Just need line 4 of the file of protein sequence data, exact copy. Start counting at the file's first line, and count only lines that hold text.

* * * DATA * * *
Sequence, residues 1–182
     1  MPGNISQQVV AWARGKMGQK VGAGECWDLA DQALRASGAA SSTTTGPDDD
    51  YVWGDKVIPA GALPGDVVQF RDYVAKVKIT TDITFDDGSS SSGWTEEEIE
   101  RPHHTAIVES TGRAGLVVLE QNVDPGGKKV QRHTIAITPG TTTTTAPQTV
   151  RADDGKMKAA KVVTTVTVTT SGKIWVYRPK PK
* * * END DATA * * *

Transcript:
   101  RPHHTAIVES TGRAGLVVLE QNVDPGGKKV QRHTIAITPG TTTTTAPQTV